Normal Distribution - Simple Probabilities

A normal distribution and the empirical rule help provide us with important probability information that you must know well.

Consider a hypothetical standardized exam with a mean of 100 and a standard deviation of 20. Thus, the scores that are one, two, and three standard deviations above the mean, respectively, are 120, 140, and 160. The scores that are one, two, and three standard deviations below the mean, respectively, are 80, 60, and 40.

If we assume that the exam scores are normally distributed we know that about 68% of all data values will fall within +/- 1 standard deviation of the mean. In other words, about 68% of all of the students' scores fall between 80 and 120. This means that the probability that a randomly-selected exam score is between 80 and 120 is about 68%, or .68. This also means that the probability that a randomly-selected exam score is not between 80 and 120 is about 32%, or .32.

Let's consider this further. What's the probability of finding an exam score between 60 and 140? Since 60 and 140 are the scores that are two standard deviations from the mean, and since we know that about 95% of all data values will fall within +/- 2 standard deviations of the mean, the probability of finding an exam score between 60 and 140 is about 95%, or .95. This also means that the probability of finding an exam score that is either below 60 or above 140 will be about 5%, or .05.

Now that you have some of the fundamental probability concepts down, let's look at a few other scenarios that deal with probability and the normal distribution. We'll continue using our exam score example with mean = 100 and standard deviation = 20.

What's the probability of randomly selecting a student who scored below 100 on the exam?

We know that in any normal distribution half of the data points are above the mean and half are below. That is, the normal distribution is symmetrical. Thus the mean (100) down to zero represents exactly half, or 0.50, of the area under the entire normal curve. Since the area under the curve from the mean (100) down to zero represents 50% of the total area of the normal curve, the probability of randomly selecting a student who scored below 100 on the exam is 50%.

What's the probability of randomly selecting a student who scored above 100 on the exam? Using the same logic as that in the previous example, we see that the probability of randomly selecting a student who scored above 100 on the exam is also 50%.

What's the probability of randomly selecting a student from the 10,000 students who scored below 120 on the exam?

We know that a score of 120 is one standard deviation above the mean. We also know that in any normal distribution half of the data points are above the mean and half are below. Thus the mean (100) down to zero represents 0.50 of the area under the entire normal curve. We also know that about 68% of the data points will be within one standard deviation of the mean. We've already accounted for the area of the curve between the mean and zero, so let's think about what area of the curve is between one standard deviation above the mean and the mean. Since the normal curve is symmetrical and since 68% of the data points exist between one standard deviation above the mean and one standard deviation below the mean, the area between one standard deviation above the mean and the mean must be 0.34 since 0.34 is half of 0.68 (the area of the curve between one standard deviation above the mean and one standard deviation below the mean). Therefore, the probability of randomly selecting a student from the 10,000 students who scored below 120 on the exam would be 0.50 + 0.34 = 0.84 = 84%. Here is a sketch which illustrates the use of the probability facts that we have learned, applied to this problem:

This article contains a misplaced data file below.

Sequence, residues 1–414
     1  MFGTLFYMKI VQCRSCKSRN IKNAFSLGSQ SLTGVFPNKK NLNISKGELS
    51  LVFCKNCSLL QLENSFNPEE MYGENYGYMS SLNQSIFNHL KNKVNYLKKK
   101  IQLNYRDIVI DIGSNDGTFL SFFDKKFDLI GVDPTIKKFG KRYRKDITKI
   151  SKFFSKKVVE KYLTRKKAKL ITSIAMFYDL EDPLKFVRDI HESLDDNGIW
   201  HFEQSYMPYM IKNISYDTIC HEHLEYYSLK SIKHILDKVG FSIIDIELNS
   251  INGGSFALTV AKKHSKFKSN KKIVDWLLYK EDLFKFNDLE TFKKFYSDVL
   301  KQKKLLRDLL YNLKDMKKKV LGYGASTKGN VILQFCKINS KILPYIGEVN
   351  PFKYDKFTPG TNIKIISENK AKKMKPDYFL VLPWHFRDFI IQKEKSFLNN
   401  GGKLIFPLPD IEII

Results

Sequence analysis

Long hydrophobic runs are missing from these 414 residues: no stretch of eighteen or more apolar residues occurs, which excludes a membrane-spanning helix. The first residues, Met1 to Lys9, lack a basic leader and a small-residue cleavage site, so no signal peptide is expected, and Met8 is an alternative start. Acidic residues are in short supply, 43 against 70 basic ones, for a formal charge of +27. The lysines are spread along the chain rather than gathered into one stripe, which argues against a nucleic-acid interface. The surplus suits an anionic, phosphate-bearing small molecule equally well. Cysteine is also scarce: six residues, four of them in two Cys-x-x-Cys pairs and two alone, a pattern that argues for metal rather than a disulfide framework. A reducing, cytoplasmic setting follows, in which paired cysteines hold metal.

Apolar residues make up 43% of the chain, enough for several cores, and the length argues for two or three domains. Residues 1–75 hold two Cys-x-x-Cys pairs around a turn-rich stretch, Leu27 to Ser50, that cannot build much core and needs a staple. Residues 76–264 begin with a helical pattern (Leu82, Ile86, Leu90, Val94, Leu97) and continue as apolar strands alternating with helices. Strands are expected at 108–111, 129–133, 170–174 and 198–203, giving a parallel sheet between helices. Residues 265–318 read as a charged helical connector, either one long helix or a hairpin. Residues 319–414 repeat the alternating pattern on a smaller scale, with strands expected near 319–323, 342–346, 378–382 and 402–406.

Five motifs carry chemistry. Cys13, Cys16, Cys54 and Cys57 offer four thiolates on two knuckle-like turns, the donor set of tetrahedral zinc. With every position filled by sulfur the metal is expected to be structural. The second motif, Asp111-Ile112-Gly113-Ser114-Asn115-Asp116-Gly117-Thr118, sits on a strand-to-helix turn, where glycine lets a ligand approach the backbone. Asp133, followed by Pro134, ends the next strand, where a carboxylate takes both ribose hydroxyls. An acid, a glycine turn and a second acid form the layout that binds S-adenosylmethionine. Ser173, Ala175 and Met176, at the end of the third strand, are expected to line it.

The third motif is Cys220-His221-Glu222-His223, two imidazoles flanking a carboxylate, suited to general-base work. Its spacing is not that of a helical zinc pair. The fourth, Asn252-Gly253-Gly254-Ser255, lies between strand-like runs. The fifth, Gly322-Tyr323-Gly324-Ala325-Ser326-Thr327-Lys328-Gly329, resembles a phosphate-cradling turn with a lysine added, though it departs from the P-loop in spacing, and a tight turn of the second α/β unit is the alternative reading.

Here is another example: What's the probability of randomly selecting a student who scored above 80 on the exam?

We know that a score of 80 is one standard deviation below the mean. We use logic similar to that used in the previous example, with the help of a quick sketch, to determine that the probability is 80%, or 0.80. Here is a sketch which illustrates the use of the probability facts that we have learned, applied to this problem:



As you can see, the Empirical Rule is extremely useful for determining simple probabilities for outcomes of interest for normally-distributed data.

Related Links:
Math
Probability and Statistics
Shapes of Distributions
Frequency Table - Categorical Data


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